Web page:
2A: Towards high performance adhesive bonding by substrate and/or adhesive texturing



To reducing emissions of pollutants, automotive and aerospace industries are seeking new solutions to create lighter structures. Extreme lightweight structures can today be obtained by using high-performance composites based on continuous fibers and polymeric matrices. Assembling composite parts is however still a challenge that often jeopardizes the energy efficiency (e.g. bolting or riveting). Integral adhesive bonding is not used for primary structure today, because of its extreme sensitivity to the quality of the substrate preparation that can largely modify the intrinsic performance of the joint. More important for us, the failure of adhesive joints is often unstable: the joint behaves well until the development of a catastrophic crack that would propagate throughout the whole joint.

Our objective is here to introduce new strategies to equip by design adhesive interfaces with crack arrest features. From a practical point of view, we are manipulating the R-curve of the interface by introducing non-local dissipative mechanisms, such as bridging, that will add to the classical cohesive energy of the adhesive.

Two different technologies are introduced to realize this toughening objective.

In the first approach [1-3], we are introducing heterogeneous interfacial properties (strength and toughness) between the adhesive layer and the substrate. The introduction of inclusions with higher strength results in separating the main crack into two sub-cracks that are propagating simultaneously and are increasing the effective toughness. In a second approach [4], bridging ligaments are triggered by introducing a non-symmetric thermoplastic inclusion inside the thermoset based adhesive layer. The progressive stretch of the thermoplastic ligaments results in an extra dissipation that participates in toughening the joints (see figure 1b).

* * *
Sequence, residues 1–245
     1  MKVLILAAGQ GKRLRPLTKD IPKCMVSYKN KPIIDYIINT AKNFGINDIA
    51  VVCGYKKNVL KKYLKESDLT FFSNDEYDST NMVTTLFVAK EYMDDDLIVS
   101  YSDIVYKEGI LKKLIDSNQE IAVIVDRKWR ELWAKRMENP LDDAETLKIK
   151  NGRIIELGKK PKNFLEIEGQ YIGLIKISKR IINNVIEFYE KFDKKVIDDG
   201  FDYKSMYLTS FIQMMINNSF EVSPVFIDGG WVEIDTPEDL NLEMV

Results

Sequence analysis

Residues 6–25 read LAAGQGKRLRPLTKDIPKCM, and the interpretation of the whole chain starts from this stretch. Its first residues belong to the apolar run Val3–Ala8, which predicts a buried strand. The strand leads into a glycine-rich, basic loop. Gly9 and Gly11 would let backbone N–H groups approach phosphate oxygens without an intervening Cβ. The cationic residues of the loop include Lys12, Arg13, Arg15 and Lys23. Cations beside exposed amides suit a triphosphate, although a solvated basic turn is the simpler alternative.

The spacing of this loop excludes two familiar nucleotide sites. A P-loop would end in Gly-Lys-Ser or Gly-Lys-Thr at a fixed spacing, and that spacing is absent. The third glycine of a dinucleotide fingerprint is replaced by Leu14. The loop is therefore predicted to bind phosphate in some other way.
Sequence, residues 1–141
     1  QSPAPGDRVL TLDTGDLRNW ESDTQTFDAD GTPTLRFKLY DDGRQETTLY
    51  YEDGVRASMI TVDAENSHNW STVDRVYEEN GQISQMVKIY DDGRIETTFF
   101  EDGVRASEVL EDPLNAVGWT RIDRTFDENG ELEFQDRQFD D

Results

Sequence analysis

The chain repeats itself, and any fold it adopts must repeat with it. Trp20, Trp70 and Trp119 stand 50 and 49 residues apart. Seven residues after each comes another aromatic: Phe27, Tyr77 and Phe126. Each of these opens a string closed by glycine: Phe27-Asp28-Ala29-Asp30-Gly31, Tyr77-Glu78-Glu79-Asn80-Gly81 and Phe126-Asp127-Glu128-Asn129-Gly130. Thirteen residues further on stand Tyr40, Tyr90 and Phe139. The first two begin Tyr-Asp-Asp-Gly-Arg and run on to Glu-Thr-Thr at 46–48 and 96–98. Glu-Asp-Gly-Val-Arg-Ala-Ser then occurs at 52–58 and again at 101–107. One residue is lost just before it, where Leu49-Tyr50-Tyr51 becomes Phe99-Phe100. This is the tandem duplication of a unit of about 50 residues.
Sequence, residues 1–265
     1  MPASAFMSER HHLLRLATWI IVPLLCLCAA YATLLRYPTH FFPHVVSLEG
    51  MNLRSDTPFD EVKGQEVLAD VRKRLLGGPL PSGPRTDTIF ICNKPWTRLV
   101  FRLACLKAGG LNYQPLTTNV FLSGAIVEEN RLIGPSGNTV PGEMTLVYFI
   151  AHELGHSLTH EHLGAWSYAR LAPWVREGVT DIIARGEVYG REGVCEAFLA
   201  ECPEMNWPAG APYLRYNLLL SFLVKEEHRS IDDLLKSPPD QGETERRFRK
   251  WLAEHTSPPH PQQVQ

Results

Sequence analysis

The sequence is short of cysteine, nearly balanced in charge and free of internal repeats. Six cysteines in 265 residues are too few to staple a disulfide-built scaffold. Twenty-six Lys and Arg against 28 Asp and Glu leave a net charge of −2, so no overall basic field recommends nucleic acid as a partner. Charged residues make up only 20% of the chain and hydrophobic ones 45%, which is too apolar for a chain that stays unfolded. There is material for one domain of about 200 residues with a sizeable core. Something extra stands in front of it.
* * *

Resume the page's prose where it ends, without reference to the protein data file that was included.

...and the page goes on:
For each approach, this presentation will cover the fundamental concept via simulation of the joint failure. Guided by these, an extensive experimental campaign has been performed in which we successfully demonstrated that controlling ligament bridging is possible via simple manufacturing techniques or structuration of the interface. These strategies open new directions towards more trustable adhesive bonding-based solutions.



[1] R. Tao, M. Alfano and G. Lubineau (2018). Laser-based surface patterning of composite plates for improved secondary adhesive bonding. Composites Part A: Applied Science and Manufacturing, v. 109, pp. 84-94.

[2] R. Tao, M. Alfano and G. Lubineau (2019). In situ analysis of interfacial damage in adhesively bonded composite joints subjected to various surface pretreatments. Composites Part A, v. 116, pp. 216-223.

[3] R. Tao, X. Li, A. Yudhanto, M. Alfano and G. Lubineau. On controlling interfacial heterogeneity to trigger bridging in secondary bonded composites: an efficient strategy to introduce crack-arrest features. Submitted.

[4] A. Yudhanto, M. Almulhim, L. Fatta, O. Alqahtani, R. Tao, M. Alfano and G. Lubineau. Enhancement of fracture toughness using 3D-printed thermoplastic carriers in secondary bonding of CFRP laminate. In preparation.


Prof. Gilles Lubineau

KAUST, Saudi Arabia